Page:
I often wonder about the brushes other artists use for their work so I thought I’d talk about the ones I use and more importantly, why. 🙂
I’ve used some very expensive brushes and found they were no better than ridiculously cheap ones – for the way that I work at least. So don’t ever turn your nose up at a cheap brush, it might be just what you need for a certain effect!
Filberts are my absolute favorite brush. They’re versatile and I absolutely love them! The brand I prefer to use is Mont Marte – definitely one of the cheaper brands here in Australia and very easy to find. Their most expensive brushes cost around $12-$13, which is very reasonable.
They work incredibly well with my style of painting and I haven’t had any problems with them losing their shape or bristles falling out. And after a lot of painting and treating them pretty rough, they’re still soft and as good as new.
Filberts are like flat brushes but with rounded rather than sharp corners, perfect for blending and covering large areas without leaving sharp lines everywhere (like flats can).
When I’m adding small or fine details to a painting, I generally use the long rigger or liner brushes by Neef.
They’re an Australian company and I’ve been very happy with their quality and again, no problems with brushes losing shape or bristles falling out.
In my opinion, it’s worth paying a bit more for brushes with a long or fine point. The cheaper ones don’t always keep their shape beyond the first use and that’s kind of important since that’s the reason for buying them in the first place!
If I’m after texture for fur or rocks, I really like the stiff and rough hog hair brushes. Even though they’re generally used for oils, they can and do work very well with acrylics and create some unexpected (but great) effects! I don’t have a brand listed for them because my brushes don’t actually have one printed on them. In this instance, I don’t think you’ll go wrong with any brand. At least, I never have.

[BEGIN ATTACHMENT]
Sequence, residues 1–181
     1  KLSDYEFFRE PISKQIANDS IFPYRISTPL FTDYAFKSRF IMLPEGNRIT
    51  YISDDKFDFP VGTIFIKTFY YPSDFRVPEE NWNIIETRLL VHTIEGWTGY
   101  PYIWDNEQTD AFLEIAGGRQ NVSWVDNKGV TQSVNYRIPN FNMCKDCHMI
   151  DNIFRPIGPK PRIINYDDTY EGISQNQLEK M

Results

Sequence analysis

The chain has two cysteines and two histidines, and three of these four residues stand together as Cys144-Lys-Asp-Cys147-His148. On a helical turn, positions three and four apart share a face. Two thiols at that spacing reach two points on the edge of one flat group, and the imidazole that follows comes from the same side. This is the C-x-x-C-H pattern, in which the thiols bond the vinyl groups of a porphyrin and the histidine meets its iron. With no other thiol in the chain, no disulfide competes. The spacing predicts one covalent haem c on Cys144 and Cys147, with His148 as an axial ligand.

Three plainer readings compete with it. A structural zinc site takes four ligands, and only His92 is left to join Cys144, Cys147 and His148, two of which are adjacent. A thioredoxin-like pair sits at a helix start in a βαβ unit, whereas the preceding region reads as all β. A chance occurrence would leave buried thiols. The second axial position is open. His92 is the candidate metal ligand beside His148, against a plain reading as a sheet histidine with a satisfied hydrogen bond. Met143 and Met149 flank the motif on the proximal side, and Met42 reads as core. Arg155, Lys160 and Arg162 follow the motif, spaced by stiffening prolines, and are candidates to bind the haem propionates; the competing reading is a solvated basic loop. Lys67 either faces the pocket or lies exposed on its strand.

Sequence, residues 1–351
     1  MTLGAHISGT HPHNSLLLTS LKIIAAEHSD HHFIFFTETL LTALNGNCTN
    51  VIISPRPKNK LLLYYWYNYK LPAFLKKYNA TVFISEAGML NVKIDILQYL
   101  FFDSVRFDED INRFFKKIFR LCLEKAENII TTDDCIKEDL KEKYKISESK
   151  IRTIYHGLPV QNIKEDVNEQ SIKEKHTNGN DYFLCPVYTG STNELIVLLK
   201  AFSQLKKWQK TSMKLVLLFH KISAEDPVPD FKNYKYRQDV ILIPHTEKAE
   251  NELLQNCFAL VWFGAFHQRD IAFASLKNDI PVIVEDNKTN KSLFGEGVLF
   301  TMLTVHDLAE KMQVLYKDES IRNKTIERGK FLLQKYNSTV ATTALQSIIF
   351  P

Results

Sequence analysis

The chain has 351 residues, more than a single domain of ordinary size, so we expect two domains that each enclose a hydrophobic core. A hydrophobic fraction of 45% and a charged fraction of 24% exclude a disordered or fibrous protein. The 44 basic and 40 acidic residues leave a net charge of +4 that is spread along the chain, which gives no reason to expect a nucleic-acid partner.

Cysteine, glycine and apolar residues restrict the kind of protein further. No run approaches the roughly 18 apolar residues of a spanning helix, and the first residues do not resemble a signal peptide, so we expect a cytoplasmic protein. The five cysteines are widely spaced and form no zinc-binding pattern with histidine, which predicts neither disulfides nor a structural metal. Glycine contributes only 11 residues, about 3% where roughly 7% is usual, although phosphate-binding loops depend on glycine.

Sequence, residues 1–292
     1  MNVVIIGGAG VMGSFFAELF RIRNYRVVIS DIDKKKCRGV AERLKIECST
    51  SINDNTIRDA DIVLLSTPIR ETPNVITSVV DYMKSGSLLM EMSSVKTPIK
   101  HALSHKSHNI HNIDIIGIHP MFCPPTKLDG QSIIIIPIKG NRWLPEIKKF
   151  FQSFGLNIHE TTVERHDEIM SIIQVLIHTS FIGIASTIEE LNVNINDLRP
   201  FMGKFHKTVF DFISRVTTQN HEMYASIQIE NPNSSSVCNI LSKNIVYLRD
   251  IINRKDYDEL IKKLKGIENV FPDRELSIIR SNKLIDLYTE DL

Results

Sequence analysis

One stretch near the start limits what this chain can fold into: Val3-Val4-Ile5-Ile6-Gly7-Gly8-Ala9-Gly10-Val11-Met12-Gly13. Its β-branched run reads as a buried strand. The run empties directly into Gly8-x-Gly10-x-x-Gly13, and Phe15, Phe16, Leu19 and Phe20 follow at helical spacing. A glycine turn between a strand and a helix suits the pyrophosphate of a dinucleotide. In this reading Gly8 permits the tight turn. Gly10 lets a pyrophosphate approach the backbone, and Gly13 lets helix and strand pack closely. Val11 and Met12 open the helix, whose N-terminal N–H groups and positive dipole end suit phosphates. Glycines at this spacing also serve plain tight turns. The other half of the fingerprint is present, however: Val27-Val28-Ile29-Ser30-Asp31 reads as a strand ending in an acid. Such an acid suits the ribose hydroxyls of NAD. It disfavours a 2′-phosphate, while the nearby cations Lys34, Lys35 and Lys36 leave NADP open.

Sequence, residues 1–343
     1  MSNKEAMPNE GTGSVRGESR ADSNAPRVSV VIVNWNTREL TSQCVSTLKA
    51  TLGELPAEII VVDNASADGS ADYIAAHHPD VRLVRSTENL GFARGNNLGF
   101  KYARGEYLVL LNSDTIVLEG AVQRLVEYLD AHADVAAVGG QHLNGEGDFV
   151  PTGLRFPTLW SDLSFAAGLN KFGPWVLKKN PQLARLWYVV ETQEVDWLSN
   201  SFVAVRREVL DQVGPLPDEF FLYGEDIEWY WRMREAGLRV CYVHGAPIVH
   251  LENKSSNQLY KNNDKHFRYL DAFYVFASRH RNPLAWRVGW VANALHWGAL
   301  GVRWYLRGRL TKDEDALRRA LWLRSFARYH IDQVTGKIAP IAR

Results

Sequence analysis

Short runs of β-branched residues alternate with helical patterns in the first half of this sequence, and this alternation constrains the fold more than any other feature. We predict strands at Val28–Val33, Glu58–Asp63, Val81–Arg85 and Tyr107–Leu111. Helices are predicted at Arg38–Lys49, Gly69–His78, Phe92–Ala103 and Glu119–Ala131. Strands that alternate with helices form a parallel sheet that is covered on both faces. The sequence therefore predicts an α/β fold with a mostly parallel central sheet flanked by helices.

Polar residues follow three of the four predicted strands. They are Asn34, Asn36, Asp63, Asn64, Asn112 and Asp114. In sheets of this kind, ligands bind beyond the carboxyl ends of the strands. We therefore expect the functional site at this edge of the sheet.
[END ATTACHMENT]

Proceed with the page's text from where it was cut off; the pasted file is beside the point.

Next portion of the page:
And don’t forget about your old, ragged, heavily used paint brushes! They can create some wonderful effects, especially if they’re damaged. Don’t just throw them away when they lose their shape or the bristles stick out in weird ways!
Since I’m so happy with my current brushes, does that mean I’ll never try another brand?
No! I’m always looking at brushes and eager to try new things with my work. As much as I love my current brushes I’m fully aware there could be something better out there. Besides, I rarely walk past the brush section in an art shop without having a closer look (…in artist language that means buy something). 😉
I recommend trying lots of brands (from super cheap to as expensive as you can handle) in both natural and synthetic (depending on your medium – watercolour/ink/acrylic/oil), and as many shapes, sizes and lengths as you can.
What works for me may not work for you – I can only say that I’ve found my favourite brushes through trial and error and you will too. 🙂
Are expensive paint brushes an absolute must for serious artists?
I can only speak from my own experience here and in my opinion there can never be a definitive yes or no answer to this question. It will completely depend on how and what you paint.
The brushes you choose will be something that only you can decide because you know what works, and what doesn’t, for you and your art. And if you don’t know yet, the only way to find out is by trying some brushes out.
So jump in, get painting and discover your own favourite brushes! 😀